A sixteen strong Learning Support team (SENCo, 4 teachers and 9 Learning Support Assistants) provide support (in-class and out), guidance and advice for pupils with additional needs and their teachers. The department's work in the school includes providing opportunities for continuing professional development to extend staff knowledge of particular syndromes and disorders, which underpins good classroom management, differentiation and pupils' learning styles. In addition we ensure all staff are aware of the needs of the pupils in our care through the Inclusion Register, The Learning Support List, Individual Education Plans and case conferences. We encourage parents to contact the department and to meet with us. We are in regular and close contact with many outside agencies. We participate fully in the 14-16 Increased Flexibility courses, part of the 14-19 Curriculum, providing opportunities for KS4 pupils to study at our local college and monitoring their progress there. Overall, the approachability of all the Learning Support team members and the full co-operation of the teaching staff means that pupils with additional needs take a full and active part in school life at Bishop Luffa.

Condition Provision for in school
ASD - Autistic Spectrum Disorder Y
Aspergers Y
Attention Deficit Hyperactivity Disorders Y
CReSTeD registered for Dyslexia
Dyscalculia
Dysgraphia
Dyslexia
Dyspraxia
English as an additional language (EAL)
Genetic
Has an entry in the Autism Services Directory
Has SEN unit or class
HI - Hearing Impairment
Hospital School
Mental health
MLD - Moderate Learning Difficulty
MSI - Multi-Sensory Impairment
Natspec Specialist Colleges
OTH - Other Difficulty/Disability
Other SpLD - Specific Learning Difficulty
PD - Physical Disability
PMLD - Profound and Multiple Learning Difficulty
SEMH - Social, Emotional and Mental Health
SLCN - Speech, Language and Communication
SLD - Severe Learning Difficulty
Special facilities for Visually Impaired
SpLD - Specific Learning Difficulty
VI - Visual Impairment

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Interpreting catchment maps

The maps show in colour where the pupils at a school came from*. Red = most pupils to Blue = fewest.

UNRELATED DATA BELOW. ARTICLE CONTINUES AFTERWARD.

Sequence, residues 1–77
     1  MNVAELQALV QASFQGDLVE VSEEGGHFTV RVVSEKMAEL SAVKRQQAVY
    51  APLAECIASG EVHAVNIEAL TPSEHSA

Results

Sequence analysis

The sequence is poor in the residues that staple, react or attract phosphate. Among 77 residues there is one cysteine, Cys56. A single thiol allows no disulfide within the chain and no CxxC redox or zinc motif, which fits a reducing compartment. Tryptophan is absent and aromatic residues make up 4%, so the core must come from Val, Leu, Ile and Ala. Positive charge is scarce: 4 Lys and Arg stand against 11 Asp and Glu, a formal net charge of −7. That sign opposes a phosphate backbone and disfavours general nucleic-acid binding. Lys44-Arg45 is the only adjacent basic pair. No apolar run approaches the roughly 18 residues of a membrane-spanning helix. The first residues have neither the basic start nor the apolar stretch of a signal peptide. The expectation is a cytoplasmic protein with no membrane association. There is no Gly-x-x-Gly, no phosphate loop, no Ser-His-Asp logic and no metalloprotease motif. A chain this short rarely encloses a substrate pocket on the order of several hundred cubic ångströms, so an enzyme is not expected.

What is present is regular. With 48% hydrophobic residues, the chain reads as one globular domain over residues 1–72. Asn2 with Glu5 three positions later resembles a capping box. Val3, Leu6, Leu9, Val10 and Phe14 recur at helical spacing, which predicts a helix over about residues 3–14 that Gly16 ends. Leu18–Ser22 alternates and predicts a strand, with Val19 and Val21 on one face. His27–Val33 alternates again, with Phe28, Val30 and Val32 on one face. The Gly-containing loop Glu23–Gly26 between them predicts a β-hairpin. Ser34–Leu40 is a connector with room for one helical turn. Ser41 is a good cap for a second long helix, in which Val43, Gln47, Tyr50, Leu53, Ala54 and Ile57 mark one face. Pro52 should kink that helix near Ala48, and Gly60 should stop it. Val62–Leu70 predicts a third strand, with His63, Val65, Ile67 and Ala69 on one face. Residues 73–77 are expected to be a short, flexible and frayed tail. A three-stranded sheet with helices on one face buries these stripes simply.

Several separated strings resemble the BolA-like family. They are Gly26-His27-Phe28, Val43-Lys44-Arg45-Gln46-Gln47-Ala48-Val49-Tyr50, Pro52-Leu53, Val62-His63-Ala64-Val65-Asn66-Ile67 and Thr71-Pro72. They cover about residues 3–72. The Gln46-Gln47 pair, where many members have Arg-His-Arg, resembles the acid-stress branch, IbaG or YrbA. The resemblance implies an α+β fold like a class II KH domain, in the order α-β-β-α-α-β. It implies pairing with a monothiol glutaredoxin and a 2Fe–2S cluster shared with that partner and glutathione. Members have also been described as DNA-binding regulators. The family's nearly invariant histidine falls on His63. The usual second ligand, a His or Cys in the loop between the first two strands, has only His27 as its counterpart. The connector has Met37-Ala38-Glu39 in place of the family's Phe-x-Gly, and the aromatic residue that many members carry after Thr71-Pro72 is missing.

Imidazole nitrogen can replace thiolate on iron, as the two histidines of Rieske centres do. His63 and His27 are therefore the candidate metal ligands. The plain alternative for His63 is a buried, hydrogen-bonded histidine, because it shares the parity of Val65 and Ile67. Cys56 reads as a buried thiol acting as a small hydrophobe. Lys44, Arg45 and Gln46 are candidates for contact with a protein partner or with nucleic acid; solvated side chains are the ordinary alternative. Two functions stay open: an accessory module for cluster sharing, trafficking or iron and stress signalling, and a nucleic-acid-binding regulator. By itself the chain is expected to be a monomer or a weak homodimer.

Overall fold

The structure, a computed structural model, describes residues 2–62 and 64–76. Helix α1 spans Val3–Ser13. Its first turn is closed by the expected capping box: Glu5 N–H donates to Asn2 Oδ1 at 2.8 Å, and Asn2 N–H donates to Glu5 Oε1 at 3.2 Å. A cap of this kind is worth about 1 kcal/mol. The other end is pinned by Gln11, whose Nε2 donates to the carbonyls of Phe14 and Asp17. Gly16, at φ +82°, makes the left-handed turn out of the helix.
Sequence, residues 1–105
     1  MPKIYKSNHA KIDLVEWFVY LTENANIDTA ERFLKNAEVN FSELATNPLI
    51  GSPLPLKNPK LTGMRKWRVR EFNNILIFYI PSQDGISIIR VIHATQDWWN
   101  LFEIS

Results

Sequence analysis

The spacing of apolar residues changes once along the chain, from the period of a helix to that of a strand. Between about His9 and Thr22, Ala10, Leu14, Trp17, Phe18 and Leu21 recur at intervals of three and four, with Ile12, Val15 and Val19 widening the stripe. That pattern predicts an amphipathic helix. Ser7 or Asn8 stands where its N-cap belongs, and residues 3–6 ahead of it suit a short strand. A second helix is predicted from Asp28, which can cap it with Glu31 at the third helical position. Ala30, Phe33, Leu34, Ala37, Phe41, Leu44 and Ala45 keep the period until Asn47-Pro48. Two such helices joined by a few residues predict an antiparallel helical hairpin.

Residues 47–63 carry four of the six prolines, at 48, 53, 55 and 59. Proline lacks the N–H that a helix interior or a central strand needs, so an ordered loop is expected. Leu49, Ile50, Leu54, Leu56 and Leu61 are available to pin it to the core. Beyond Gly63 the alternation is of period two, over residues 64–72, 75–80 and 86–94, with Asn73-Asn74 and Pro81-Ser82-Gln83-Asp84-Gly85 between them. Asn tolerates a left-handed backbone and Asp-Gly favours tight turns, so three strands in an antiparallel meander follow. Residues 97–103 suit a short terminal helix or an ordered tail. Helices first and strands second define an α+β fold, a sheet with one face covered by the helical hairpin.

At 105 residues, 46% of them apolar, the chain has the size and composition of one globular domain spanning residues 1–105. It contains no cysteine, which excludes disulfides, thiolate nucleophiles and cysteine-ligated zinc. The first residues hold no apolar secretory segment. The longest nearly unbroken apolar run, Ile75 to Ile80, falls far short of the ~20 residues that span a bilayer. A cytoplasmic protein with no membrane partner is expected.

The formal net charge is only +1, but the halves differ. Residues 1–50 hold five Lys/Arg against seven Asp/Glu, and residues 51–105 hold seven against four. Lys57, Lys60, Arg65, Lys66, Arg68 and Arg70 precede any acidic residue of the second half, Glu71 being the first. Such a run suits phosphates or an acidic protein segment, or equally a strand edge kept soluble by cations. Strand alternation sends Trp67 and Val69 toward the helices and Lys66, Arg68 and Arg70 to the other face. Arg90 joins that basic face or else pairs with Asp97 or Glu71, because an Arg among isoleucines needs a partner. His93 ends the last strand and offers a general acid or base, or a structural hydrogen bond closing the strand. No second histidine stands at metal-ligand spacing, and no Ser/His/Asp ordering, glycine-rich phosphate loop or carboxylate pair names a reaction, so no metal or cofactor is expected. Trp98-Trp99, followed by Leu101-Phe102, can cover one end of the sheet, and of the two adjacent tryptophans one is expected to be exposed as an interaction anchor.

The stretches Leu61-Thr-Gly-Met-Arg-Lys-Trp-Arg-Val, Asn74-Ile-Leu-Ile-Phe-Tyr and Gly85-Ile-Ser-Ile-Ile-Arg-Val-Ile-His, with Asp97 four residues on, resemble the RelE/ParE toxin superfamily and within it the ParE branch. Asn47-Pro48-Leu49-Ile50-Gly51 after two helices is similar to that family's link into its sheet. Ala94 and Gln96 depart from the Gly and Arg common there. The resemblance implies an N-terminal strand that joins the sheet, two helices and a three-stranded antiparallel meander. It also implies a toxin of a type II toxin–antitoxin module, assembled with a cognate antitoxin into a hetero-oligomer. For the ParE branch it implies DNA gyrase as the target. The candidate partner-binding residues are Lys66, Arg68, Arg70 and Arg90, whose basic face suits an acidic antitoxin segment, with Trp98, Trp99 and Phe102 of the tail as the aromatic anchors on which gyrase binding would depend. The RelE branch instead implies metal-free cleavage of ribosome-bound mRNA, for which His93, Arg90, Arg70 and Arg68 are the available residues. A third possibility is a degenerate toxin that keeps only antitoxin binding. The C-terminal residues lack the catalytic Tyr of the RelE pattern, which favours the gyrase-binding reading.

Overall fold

Where the map is not coloured we have no record in the previous three years of any pupils being admitted from that location based on the options chosen.

For help and explanation of our catchment maps see: Catchment maps explained

Further reading

If there are more applicants to a school than it has places for, who gets in is determined by which applicants best fulfil the admissions criteria.

Admissions criteria are often complicated, and may change from year to year. The best source of information is usually the relevant local authority website, but once you have set your sights on a school it is a good idea to ask them how they see things panning out for the year that you are interested in.

Many schools admit children based on distance from the school or a fixed catchment area. For such schools, the cut-off distance will vary from year to year, especially if the school give priority to siblings, and the pattern will be of a central core with outliers (who will mostly be siblings). Schools that admit on the basis of academic or religious selection will have a much more scattered pattern.

*The coloured areas outlined in black are Census Output Areas. These are made up of a group of neighbouring postcodes, which accounts for their odd shapes. These provide an indication, but not a precise map, of the school’s catchment: always refer to local authority and school websites for precise information.

The 'hotter' the colour the more children have been admitted.

Children get into the school from here:

regularly
most years
quite often
infrequently
sometimes, but not in this year